State Board Stops CSUN Tax Refund Diversions


The state Franchise Tax Board has stopped diverting income tax refunds belonging to Cal State Northridge students after school officials acknowledged they submitted the names of hundreds of students who owed the campus nothing, a state official said Monday.

Franchise Tax Board spokesman Jim Sheppard said CSUN’s list of nearly 7,000 student names has been pulled from the system that allows public agencies, such as CSUN, to collect debts by taking income tax refunds from those who owe.

CSUN officials acknowledge they mistakenly took nearly $70,000 in 1996 income tax refunds that were owed to more than 700 students. Those students had no campus debts, and the refunds have since been returned.


“It was a human error,” said CSUN spokesman Bruce Erickson. “We regret it and apologize to the students. It is a mistake and we are sorry for it.”

Erickson said the school believes a computer programmer mistakenly put hundreds of names on the debtors list. CSUN sent the state the names of 7,000 students who allegedly owed a total of $3.2 million.

The board is authorized to divert state income tax refunds and California State Lottery winnings from residents who owe money to public agencies. Last year, the board diverted $44 million in income tax refunds from taxpayers owing money to about 170 such agencies.

Although the campus was first made aware of the problem in late January or early February, no effort was made to halt the so-called income tax offsets until inquiries were made by The Times.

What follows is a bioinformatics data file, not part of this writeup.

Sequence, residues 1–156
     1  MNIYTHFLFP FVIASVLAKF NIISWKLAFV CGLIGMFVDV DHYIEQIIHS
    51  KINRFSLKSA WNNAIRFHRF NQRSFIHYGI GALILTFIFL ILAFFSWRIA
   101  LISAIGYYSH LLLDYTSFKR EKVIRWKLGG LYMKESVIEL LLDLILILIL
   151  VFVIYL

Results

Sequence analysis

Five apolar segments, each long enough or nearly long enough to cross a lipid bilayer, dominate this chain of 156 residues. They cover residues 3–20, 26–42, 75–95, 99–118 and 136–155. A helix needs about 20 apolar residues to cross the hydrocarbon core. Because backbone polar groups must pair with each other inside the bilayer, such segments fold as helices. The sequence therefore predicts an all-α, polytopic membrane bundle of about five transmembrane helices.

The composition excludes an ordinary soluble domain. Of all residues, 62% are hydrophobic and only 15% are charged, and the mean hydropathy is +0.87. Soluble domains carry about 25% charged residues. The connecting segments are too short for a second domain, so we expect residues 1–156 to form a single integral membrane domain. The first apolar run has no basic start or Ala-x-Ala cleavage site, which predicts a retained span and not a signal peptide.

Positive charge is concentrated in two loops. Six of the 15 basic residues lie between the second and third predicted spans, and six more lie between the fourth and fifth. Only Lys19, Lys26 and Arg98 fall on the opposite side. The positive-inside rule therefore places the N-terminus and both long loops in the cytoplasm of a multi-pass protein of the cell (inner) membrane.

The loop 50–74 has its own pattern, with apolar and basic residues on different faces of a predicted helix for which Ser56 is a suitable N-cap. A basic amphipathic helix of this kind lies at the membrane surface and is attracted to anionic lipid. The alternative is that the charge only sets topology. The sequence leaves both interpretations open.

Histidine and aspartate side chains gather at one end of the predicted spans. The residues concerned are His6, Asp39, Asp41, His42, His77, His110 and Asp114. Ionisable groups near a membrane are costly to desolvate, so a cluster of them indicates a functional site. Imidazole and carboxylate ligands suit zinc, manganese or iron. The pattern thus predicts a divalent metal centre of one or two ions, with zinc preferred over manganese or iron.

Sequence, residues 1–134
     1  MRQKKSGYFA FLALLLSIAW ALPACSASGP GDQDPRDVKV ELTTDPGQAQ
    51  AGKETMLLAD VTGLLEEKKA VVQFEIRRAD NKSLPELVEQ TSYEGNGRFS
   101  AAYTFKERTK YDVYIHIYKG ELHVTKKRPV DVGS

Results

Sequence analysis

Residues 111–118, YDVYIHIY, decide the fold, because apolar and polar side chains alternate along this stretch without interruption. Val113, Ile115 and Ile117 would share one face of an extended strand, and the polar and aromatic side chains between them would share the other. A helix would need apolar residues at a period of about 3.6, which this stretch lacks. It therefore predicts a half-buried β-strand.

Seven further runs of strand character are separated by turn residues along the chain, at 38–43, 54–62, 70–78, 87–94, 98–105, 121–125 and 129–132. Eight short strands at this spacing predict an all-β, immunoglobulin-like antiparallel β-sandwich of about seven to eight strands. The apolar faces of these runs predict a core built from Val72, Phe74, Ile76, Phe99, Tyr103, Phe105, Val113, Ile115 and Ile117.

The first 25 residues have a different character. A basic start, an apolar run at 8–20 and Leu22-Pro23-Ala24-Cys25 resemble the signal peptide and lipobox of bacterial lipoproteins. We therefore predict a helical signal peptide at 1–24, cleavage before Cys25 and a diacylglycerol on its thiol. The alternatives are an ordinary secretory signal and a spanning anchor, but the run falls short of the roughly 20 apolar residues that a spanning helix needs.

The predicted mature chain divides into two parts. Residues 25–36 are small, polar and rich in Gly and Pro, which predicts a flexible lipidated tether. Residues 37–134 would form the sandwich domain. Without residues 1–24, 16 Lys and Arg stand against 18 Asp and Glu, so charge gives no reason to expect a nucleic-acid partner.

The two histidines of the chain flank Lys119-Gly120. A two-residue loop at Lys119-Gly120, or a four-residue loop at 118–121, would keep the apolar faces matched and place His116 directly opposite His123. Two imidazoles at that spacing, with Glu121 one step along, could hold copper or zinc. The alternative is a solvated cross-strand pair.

As of Monday, CSUN had received 2,288 income tax refunds totaling $233,740. It will be several weeks before the school can tally the exact number of refunds taken in error, which could be many more.

Sheppard said the university’s mistake will not delay the processing of remaining income tax returns filed by CSUN students.


“If there are any refunds, they will go to the students directly,” he said.

CSUN mistakenly took refunds in amounts ranging from $10 to $316.

There is no penalty for such mistakes, although the state board expects the agencies to alert them immediately to any problems, Sheppard said.

“We will resume the program as soon as they ask,” Sheppard said. “They have to give us a new listing of students . . . I am sure they will return the money to the rightful owners. I don’t know any agency that would want to keep the money that doesn’t belong to them.”